Sunday, 18 January 2009

Anglers face Eurocracy

Sea Anglers are to be brought into the Common Fisheries under plans from the EU according to the BBC.

At a stroke, a large number of jobs will be lost from the tourism industry, huge amounts of paperwork will be created and there will be virtually nil impact on fish stocks.

At the moment, commercial trawling is regulated by the CFP to preserve fish stocks. As is well documented, this has had some benefit to fish numbers, but also leads to lots of problems in terms of paperwork and dumped fish.

Sea anglers are not currently regulated. Some are serious fishermen who catch a reasonable number of fish (but tend to do so in a sustainable way, and still nothing to seriously dent the numbers caught by trawlers) and others fall into the day tripper tourist category. Trippers catch some fish, they tend not to be experts and it is more about fun than fishing. But they have to be taken out by somebody and so boats and skippers are kept in business by this trade. Almost every coastal town will offer these excursions.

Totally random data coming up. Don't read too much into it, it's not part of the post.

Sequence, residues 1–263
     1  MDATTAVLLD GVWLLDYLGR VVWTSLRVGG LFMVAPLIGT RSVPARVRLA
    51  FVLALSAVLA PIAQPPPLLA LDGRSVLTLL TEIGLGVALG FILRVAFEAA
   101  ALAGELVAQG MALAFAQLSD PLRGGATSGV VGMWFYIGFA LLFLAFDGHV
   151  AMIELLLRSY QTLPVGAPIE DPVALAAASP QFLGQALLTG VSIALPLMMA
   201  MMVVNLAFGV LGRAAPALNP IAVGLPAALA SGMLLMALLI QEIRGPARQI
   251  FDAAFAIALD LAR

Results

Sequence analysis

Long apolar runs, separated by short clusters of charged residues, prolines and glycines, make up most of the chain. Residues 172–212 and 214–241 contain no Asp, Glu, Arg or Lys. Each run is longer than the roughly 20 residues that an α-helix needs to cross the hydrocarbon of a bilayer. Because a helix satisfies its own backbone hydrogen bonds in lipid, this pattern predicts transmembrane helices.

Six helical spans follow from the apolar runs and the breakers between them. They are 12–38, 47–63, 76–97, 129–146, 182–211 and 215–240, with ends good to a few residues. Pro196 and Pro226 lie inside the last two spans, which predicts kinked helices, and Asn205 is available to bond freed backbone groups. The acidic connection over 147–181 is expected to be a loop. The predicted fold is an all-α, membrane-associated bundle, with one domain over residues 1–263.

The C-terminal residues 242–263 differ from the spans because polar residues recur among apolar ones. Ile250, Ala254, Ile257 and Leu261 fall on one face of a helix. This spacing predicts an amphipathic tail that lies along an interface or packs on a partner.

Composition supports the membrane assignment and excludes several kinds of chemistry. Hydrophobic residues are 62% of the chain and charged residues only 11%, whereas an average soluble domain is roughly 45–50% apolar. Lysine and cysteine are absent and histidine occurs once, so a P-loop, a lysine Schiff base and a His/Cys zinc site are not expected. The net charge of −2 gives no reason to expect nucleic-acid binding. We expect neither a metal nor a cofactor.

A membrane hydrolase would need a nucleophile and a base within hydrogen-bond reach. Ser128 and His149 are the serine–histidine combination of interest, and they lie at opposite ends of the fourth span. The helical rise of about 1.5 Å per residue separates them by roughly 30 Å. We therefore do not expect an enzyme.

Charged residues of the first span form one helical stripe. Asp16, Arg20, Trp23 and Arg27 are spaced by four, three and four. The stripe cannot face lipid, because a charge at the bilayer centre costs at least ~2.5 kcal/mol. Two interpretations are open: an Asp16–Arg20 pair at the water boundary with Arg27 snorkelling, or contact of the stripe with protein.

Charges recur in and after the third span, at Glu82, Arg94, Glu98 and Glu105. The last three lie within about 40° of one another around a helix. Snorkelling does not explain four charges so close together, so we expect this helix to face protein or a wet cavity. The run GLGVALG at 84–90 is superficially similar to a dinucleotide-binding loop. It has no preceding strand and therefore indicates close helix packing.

Requiring boat skippers to register and apply for licences will cost them money and lead to many of them leaving an already precarious business. And the net gain in terms of fish preserved will be so minimal as to be completely without worth.

Perhaps the most ridiculous aspect of this proposal is that the EU Commission is trying to preserve sole - a severely over-fished species. The trouble is that sole is a sea bed dwelling fish and is almost never caught by anglers.


brian in the tamar valley said...

I was going to write about this subject on my blog but just haven't got round to it yet!

Part of the problem seems to be in the EU "one size fits all" philosophy regarding member states. Although I'm not an angler I can readily see that recreational fishing will have virtually zero effect on stocks so far as this country is concerned.

Don't the bureaucrats understand? Or perhaps they don't want to understand!

Peter Mc said...

Sea anglers may catch a fair number of fish, but unlike bottom trawlers we don't destroy the seabed, are selective in the fish we target and (in my experience) let many go alive rather than dead as bycatch for the crabs.

When governments place financial restrictions our ability to take risks to get our own food, they're asking for bricks through windows.

Here (Whitby) sea anglers contrbute heavily to the local economy. I am certain that the licenses would be followed by quotas and an extensive enforcement body. I am beginning to see why people loathe and detest the EU.

Tom said...

Do you think that this will have a major impact down in Cornwall? I'd be interested in your thoughts.

Tom Allan.